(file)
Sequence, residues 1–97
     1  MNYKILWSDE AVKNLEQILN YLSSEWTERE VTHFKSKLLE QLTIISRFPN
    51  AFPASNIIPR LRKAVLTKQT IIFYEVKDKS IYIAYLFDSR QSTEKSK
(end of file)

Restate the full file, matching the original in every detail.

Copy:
Sequence, residues 1–97
     1  MNYKILWSDE AVKNLEQILN YLSSEWTERE VTHFKSKLLE QLTIISRFPN
    51  AFPASNIIPR LRKAVLTKQT IIFYEVKDKS IYIAYLFDSR QSTEKSK